Banana in perfumery

Banana in perfumery

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The origin and distribution of the banana

The banana is a fruit that comes from the banana tree and is very generally sterile. Thus, it comes from domesticated varieties. The wild forms of the banana are mainly present in Southeast Asia, from India to Papua New Guinea. These bananas are rich in seeds and poor in pulp. Their domestication dates back around 6,500 years in New Guinea. However, the spread of the banana quickly spread to southern China and northern Australia. An Indian legend reports that the banana originated from the island of Ceylon, an earthly paradise from which Adam and Eve were driven out, their bodies covered with banana leaves. Thus, a Syrian tradition makes the banana a fruit of paradise. The culture of the latter began in Madagascar around the year 500 AD. It was then brought to the Mediterranean by the Arabs from 650. The Portuguese then implanted it in the Canaries in the 16th century and thus it became one of the most popular fruits of our modern period. The banana is a slightly curved fruit, often grouped together on the banana tree in the form of clusters called bunches. It has a yellow skin when ripe, otherwise green. Its flesh is creamy white in color.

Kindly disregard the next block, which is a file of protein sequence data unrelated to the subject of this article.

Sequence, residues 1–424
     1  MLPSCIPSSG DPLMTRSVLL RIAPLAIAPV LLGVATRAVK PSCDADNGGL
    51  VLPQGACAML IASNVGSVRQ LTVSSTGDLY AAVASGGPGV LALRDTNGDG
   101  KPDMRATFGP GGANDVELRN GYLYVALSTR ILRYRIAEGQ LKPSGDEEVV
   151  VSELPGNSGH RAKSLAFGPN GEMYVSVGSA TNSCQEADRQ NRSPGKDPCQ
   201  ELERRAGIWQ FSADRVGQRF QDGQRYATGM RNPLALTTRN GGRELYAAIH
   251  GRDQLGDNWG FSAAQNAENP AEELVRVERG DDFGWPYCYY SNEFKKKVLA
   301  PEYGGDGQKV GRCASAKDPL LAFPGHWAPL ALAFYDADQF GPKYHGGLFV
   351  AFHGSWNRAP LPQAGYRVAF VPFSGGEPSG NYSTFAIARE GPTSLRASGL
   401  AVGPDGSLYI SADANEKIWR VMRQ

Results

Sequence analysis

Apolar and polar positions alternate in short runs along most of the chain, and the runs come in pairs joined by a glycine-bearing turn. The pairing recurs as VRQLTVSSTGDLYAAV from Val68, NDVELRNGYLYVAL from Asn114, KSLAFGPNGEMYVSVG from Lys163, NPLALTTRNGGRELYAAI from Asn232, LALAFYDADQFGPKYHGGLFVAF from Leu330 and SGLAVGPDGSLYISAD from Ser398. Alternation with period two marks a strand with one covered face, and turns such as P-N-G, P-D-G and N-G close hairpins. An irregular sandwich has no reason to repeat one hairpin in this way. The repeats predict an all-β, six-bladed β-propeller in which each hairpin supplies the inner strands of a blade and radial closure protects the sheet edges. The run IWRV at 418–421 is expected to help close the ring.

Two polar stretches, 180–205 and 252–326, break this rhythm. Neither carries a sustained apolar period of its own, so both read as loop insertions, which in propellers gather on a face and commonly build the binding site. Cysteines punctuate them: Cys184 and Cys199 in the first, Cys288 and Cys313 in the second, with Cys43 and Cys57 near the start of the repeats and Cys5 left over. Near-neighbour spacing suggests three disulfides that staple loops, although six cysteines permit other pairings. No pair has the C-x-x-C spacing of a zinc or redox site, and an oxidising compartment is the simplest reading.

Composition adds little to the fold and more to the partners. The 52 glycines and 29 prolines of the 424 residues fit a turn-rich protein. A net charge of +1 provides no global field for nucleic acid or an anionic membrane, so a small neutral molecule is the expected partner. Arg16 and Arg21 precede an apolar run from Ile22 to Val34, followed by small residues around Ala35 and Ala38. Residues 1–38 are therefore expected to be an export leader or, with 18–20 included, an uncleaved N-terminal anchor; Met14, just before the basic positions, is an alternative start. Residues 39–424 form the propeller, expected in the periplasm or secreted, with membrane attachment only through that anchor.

The smell of bananas

The main aroma of bananas is isoamyl acetate. Thus, it is this one that is used to reproduce the natural smell of bananas in perfumery laboratories. Indeed, like many fruits, it is impossible to extract the essential oil from the latter. If the banana is very appreciated in terms of taste, its flavor remains relatively rare in perfumery. Nevertheless, its suave, green and fruity scents bring real richness to the perfumes which contain it. What's more, it is an ingredient suitable for both male and female creations.

Widely consumed throughout the world, bananas are a fruit that can be eaten dried, raw or transformed in the form of dessert or jam. In perfumery, it is notably present in the Enjoy perfumes by Jean Patou, Florabello by Diptyque or Sunny Frutti by Escada. It thus plunges consumers into a world halfway between Africa and the Caribbean, bringing them a breath of sunshine.

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